Monday, April 9, 2018

Ancient DNA From Patagonia Supports Paradigm

The latest ancient DNA study from South American, although the ancient DNA is just 500 years pre-Columbian, supports the existing paradigm of New World pre-historic demography. Notably, there do not seem to be any hints of Paleo-Asian DNA in these populations.
Recent genomic studies of ancient and modern humans from the Americas have given a comprehensive view of the peopling of the continent. However, regional characterization of ancient and modern individuals is lacking, being key to unveiling fine-scale differences within the continent. We present genome-wide analyses of ancient and modern individuals from South America from Western Patagonia. We found a strong affinity between modern and ancient individuals from the region, providing evidence of continuity in the region for the last ∼1,000 years and regional genetic structure within Southern South America. In particular, the analysis of these ancient genomes helps address questions related to the maritime tradition in the region and its diversification posterior to the split from terrestrial hunter-gatherers. 
Patagonia was the last region of the Americas reached by humans who entered the continent from Siberia ∼15,000–20,000 y ago. Despite recent genomic approaches to reconstruct the continental evolutionary history, regional characterization of ancient and modern genomes remains understudied. Exploring the genomic diversity within Patagonia is not just a valuable strategy to gain a better understanding of the history and diversification of human populations in the southernmost tip of the Americas, but it would also improve the representation of Native American diversity in global databases of human variation. Here, we present genome data from four modern populations from Central Southern Chile and Patagonia (n = 61) and four ancient maritime individuals from Patagonia (∼1,000 y old). Both the modern and ancient individuals studied in this work have a greater genetic affinity with other modern Native Americans than to any non-American population, showing within South America a clear structure between major geographical regions. Native Patagonian Kawéskar and Yámana showed the highest genetic affinity with the ancient individuals, indicating genetic continuity in the region during the past 1,000 y before present, together with an important agreement between the ethnic affiliation and historical distribution of both groups. Lastly, the ancient maritime individuals were genetically equidistant to a ∼200-y-old terrestrial hunter-gatherer from Tierra del Fuego, which supports a model with an initial separation of a common ancestral group to both maritime populations from a terrestrial population, with a later diversification of the maritime groups.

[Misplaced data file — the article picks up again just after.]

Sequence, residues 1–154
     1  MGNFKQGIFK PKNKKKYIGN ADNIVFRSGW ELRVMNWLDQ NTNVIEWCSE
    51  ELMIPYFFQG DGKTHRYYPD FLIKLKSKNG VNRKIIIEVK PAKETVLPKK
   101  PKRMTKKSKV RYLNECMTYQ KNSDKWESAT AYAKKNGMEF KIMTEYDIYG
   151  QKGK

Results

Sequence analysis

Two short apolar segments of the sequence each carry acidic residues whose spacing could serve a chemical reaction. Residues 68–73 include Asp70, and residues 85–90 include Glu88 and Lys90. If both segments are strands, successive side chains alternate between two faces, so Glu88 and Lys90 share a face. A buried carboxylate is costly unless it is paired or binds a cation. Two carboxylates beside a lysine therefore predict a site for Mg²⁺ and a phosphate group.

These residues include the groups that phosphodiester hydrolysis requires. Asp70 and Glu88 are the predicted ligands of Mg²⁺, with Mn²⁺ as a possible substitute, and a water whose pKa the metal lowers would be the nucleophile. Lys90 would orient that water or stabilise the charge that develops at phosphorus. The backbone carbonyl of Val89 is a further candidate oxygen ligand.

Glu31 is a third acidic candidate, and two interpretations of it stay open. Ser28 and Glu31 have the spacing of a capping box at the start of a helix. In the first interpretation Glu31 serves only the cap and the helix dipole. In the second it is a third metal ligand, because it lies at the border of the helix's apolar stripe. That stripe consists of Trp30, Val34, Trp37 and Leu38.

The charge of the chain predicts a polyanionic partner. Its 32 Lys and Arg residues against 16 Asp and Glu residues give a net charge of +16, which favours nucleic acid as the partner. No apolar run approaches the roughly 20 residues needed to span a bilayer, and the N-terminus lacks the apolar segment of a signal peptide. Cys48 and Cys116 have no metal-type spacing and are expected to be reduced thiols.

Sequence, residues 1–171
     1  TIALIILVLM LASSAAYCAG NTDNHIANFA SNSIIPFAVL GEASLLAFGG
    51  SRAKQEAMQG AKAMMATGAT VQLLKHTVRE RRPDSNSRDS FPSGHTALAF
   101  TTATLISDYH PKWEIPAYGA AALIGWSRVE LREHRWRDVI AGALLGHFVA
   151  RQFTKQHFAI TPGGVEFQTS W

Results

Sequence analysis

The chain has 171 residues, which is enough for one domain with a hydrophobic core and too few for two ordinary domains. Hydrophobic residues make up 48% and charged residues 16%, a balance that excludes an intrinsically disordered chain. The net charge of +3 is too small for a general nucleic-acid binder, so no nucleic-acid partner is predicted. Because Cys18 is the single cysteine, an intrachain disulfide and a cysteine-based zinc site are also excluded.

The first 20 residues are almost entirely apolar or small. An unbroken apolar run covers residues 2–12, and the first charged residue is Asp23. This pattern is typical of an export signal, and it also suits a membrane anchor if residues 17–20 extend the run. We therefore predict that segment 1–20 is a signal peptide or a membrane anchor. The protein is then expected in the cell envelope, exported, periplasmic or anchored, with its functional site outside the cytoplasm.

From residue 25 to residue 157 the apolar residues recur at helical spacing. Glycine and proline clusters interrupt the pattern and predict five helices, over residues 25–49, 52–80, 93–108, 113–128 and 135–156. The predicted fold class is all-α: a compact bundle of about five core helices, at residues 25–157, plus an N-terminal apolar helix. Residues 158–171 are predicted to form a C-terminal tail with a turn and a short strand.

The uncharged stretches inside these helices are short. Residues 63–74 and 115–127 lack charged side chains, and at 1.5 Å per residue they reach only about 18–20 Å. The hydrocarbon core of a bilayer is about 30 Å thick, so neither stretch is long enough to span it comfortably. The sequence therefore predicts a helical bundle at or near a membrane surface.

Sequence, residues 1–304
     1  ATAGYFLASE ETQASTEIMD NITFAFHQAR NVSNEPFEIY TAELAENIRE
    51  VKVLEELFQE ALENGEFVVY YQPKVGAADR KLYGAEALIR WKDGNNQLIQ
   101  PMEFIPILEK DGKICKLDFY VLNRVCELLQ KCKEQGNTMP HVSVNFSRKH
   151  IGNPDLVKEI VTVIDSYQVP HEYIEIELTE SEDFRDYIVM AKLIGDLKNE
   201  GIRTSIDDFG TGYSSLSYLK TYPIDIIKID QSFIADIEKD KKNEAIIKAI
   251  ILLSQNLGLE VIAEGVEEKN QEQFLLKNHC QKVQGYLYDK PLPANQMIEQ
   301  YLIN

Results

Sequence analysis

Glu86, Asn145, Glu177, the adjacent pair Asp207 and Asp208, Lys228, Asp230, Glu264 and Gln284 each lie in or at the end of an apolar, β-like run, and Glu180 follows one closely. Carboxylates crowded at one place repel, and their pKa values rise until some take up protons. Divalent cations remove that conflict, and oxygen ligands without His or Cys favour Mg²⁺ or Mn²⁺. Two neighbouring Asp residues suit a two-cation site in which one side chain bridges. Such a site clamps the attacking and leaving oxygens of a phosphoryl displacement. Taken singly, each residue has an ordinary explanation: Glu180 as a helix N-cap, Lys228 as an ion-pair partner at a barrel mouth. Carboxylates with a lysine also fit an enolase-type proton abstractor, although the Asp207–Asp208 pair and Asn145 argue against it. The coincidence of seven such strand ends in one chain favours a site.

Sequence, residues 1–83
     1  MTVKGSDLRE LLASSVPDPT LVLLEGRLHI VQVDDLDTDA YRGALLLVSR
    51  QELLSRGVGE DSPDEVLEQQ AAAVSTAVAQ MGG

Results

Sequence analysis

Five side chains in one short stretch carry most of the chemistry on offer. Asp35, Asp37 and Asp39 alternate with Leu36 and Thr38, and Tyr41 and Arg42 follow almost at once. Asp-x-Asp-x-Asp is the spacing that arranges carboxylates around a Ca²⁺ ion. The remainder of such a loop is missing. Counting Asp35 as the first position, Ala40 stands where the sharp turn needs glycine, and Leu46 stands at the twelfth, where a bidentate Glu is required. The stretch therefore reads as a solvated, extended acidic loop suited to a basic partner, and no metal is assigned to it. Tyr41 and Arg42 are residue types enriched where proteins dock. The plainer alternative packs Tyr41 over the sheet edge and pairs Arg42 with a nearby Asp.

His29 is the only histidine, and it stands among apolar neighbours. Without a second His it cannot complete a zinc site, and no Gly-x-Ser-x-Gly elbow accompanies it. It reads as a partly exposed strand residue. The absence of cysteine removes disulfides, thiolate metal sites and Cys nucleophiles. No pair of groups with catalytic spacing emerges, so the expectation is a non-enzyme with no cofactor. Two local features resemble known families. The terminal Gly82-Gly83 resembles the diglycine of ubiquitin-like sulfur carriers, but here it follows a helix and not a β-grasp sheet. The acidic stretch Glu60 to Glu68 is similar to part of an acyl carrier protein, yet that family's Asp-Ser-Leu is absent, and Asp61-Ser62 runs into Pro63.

No comments: